By Dr. Maryam Fanaeepour
With the increasing uptake of AI systems, the responsible management of this technology and building trust for citizens around its use has become an urgent requirement for any global organisation. Erroneous facial recognition and diagnosis systems, embedded bias, privacy and security risks, or even the recent advancements in generative AI demonstrate the necessity of AI regulation and its significant role in maintaining this technology in line with ethics and human rights. Although there have been initiatives undertaken in Australia towards regulating AI, compared to other countries Australia lags behind. Deloitte’s Trustworthy AI framework provides guidelines for responsible practice and use of AI until legislation evolves to meet the need.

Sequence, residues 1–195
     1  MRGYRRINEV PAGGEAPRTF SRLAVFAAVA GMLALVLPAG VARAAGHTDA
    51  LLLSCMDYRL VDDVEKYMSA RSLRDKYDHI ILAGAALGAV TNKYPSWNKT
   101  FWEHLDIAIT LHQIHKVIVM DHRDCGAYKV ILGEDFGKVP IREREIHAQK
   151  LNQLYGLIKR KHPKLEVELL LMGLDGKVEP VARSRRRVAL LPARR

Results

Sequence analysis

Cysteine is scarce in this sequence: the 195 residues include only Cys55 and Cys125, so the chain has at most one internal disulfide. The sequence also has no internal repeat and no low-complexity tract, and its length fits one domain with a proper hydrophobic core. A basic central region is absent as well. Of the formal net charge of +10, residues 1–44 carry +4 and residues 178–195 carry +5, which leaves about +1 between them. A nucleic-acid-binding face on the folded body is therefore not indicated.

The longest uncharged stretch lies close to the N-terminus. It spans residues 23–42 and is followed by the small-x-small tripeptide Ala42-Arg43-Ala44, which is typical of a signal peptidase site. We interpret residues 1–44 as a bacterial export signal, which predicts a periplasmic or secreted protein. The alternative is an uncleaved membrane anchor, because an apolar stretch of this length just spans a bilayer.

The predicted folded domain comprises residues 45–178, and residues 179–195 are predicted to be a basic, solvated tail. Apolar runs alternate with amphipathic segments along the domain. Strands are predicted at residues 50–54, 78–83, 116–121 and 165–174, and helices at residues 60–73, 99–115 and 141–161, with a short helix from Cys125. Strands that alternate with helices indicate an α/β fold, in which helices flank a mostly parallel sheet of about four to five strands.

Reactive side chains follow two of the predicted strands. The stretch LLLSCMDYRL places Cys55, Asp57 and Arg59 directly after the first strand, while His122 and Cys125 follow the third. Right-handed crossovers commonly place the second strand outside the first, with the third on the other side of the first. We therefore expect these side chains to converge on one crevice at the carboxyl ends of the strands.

According to key survey findings from Seeing beyond the surface: The future of privacy in Australia, Deloitte’s Australian Privacy Index published in 2021, 77% of consumers expressed concern about not being informed when AI is being used to process their personal information and stated that brands being transparent about their use of AI would lessen these concerns. This survey also found that 80% of consumers are worried about decisions being made by AI using inaccurate information and 79% of consumers are concerned by their inability to challenge an inaccurate decision made by AI. These findings highlight consumer demand for regulating AI.